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The Common App is Finally…an App!

Emily Toffelmire

Written by Emily Toffelmireon December 10th, 2020

I came to College Coach after working for many years in college admissions and high school counseling. As a school counselor, I assisted students in the college application process and wrote hundreds of letters of recommendation, while also helping them and their families cope with any emotional, social, and academic concerns throughout the year. I transitioned from the high school setting to the admissions office when I joined the University of Southern California as an assistant director, reading freshmen and transfer applications and collaborating on admission decisions for over 150 majors, including the liberal arts, engineering, business, cinema, and the fine and performing arts. I subsequently took on the role of senior assistant director in the USC Dornsife College of Letters, Arts and Sciences, where I coordinated the division's Mork, Stamps, Trustee, Presidential and Dean's merit scholarship selection process, as well as recruitment publications and outreach, and traveled everywhere from Honolulu to Miami presenting to and interviewing hundreds of applicants each year.
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by Emily Toffelmire, former admissions officer at University of Southern California The Common App, the most widely used centralized college application platform in the U.S., launched a mobile app version just last week. In the press release regarding the mobile app, The Common Application cited a study from the Pew Research Center that found 25% of teens from lower-income homes lack access to a home computer and 35% complete homework on cell phones. Black and Latinx students are even more negatively impacted by this technology gap. The Common App already knew that many students were applying to college using mobile phones; as they state in the press release, “almost 400,000 applications were submitted last year via mobile phone. Over the last five years, Common App has seen a nearly 40% increase in mobile device use of its web-based application.” We applaud the Common App for trying to address this disparity, but wanted to try the app for ourselves to make sure it was actually a reliable and easy-to-use solution. We were pleasantly surprised by what we found! Here are some of our favorite things about the app.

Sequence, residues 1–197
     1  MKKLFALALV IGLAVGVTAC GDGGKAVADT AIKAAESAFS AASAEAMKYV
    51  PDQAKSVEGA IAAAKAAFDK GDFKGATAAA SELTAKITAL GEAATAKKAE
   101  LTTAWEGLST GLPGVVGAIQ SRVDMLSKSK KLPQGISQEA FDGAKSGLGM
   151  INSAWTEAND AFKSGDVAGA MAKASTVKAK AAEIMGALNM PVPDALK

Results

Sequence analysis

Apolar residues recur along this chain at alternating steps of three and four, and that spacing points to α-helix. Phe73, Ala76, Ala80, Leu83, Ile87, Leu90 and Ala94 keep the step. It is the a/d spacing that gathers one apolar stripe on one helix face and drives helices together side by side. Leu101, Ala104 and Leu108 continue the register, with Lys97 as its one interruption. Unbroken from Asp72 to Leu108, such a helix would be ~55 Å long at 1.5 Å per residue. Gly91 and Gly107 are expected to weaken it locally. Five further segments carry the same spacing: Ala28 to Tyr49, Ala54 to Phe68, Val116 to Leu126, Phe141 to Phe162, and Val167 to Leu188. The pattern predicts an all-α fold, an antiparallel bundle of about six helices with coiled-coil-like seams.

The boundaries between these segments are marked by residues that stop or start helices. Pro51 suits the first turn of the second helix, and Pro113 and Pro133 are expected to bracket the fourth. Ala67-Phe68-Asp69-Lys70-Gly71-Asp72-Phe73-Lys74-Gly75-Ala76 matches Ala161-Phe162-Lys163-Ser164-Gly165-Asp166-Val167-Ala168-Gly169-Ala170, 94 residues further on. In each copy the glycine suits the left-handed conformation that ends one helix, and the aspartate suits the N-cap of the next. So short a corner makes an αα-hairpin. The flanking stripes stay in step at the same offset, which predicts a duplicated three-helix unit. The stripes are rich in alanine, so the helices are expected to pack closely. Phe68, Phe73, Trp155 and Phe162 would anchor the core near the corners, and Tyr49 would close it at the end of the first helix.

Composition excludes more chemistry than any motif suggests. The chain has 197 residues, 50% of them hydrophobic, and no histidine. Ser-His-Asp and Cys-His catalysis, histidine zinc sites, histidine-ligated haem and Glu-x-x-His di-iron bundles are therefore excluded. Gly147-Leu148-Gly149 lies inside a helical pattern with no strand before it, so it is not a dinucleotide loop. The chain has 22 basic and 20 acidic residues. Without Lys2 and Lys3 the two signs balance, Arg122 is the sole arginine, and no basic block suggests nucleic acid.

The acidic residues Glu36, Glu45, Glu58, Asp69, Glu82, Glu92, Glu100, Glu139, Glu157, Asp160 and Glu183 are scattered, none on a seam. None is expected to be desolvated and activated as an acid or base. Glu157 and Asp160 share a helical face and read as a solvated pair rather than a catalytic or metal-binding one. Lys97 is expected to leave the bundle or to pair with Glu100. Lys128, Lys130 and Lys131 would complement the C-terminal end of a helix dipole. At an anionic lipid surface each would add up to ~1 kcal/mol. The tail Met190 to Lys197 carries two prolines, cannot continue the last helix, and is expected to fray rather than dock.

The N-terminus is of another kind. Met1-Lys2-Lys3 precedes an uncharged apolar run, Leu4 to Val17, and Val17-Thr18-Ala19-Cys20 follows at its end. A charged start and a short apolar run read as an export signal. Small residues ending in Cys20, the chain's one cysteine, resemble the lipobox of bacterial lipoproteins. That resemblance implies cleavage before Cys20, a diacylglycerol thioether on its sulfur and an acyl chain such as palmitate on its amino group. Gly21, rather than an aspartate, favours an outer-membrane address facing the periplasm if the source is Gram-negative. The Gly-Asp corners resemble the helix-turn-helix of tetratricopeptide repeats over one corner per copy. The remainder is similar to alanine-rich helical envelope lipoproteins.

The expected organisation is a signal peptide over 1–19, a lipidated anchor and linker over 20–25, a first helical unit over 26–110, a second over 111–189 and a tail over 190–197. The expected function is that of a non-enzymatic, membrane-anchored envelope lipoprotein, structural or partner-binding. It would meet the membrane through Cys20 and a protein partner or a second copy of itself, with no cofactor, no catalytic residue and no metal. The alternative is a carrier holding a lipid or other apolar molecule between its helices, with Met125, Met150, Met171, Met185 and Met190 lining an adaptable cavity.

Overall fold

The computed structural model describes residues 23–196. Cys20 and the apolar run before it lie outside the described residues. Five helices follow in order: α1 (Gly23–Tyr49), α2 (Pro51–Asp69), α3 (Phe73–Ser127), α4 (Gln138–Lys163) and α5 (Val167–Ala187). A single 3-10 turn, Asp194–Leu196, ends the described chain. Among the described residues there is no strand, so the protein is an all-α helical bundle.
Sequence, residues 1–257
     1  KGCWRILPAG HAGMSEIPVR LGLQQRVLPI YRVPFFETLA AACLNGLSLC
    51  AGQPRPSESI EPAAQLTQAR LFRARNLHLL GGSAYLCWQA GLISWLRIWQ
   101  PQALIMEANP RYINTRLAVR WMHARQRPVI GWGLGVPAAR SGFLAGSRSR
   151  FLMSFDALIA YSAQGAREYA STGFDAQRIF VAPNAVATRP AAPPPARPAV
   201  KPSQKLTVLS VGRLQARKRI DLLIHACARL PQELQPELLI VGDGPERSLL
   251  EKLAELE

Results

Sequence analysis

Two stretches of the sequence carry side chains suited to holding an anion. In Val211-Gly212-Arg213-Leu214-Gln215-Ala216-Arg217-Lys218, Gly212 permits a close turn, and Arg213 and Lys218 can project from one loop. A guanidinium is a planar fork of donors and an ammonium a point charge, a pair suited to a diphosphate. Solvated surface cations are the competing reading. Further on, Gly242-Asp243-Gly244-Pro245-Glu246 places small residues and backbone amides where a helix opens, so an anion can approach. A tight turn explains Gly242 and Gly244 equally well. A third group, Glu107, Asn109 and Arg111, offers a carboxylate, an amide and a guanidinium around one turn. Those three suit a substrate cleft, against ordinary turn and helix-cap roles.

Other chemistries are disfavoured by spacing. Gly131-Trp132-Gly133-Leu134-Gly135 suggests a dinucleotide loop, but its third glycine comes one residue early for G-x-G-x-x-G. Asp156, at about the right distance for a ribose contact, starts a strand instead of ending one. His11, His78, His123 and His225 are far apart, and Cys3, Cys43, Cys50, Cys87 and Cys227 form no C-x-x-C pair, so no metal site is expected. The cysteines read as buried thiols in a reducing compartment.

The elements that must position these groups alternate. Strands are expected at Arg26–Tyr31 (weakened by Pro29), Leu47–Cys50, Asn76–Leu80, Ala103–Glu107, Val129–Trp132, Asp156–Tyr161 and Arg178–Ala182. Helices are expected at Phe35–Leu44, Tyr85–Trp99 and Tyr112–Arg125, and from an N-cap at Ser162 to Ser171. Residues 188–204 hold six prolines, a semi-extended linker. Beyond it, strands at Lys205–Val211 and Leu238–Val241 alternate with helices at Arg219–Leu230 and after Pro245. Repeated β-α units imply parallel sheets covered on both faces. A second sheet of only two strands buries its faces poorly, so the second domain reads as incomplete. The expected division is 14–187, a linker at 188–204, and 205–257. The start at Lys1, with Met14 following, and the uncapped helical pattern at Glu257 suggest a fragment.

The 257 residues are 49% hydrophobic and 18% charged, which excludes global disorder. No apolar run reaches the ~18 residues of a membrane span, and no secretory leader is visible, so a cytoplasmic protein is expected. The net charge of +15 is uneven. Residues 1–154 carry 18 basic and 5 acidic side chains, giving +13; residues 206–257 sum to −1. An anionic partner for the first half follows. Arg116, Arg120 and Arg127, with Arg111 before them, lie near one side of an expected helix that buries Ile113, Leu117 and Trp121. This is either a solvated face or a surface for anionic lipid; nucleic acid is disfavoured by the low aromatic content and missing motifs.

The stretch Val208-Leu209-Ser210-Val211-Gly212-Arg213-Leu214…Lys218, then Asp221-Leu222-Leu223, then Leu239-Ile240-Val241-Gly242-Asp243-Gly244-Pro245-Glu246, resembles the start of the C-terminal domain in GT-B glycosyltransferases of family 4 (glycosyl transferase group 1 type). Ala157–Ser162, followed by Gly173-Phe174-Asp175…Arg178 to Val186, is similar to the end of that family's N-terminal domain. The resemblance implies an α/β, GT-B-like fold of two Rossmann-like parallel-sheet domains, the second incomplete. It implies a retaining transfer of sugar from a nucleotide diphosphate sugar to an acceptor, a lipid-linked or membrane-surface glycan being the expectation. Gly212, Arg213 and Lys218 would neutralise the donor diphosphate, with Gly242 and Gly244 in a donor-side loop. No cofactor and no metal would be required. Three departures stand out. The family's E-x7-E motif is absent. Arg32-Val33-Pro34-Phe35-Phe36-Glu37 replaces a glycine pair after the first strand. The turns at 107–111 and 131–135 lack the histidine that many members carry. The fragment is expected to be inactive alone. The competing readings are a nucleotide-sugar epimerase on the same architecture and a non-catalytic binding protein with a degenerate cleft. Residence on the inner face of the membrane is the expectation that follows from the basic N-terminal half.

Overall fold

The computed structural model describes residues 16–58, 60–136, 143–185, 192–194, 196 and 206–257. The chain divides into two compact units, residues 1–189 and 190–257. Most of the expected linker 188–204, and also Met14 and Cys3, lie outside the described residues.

• It looks and feels very similar to the browser-based version—and that’s a good thing. The Common App is easy to navigate and pretty intuitive for users, and the app mimics the design and layout, so if you’ve spent time on the browser version, you don’t have to reorient yourself in the app. The same tabs and sections are there, and they are laid out in the same fashion as in the browser version.
  • The requirements grid has been a cool feature on the browser-based version of the Common App for a while, so we were glad to find it’s also available in the app. While viewing the grid within the app is a bit clunky, you can choose to download the grid and save it to your phone or Google Drive.
  • One of our favorite features of the Common Application is the option to preview your progress as a PDF. Viewing your application as a PDF rather than just a bunch of fields on a screen is so helpful for proofreading, checking for formatting issues, and ensuring you’ve filled out the application to completion. We’re happy to see the PDF preview option is available in the app and just as seamless as it is on the browser version.
  • If your high school has you request letters of recommendation via the Common Application, you’re in luck with the app. You can invite teachers, counselors, and outside recommenders just as easily in the app as you can when working on a computer.
You can download the Common App app from Apple and Google Play. Want More Common App Tips?


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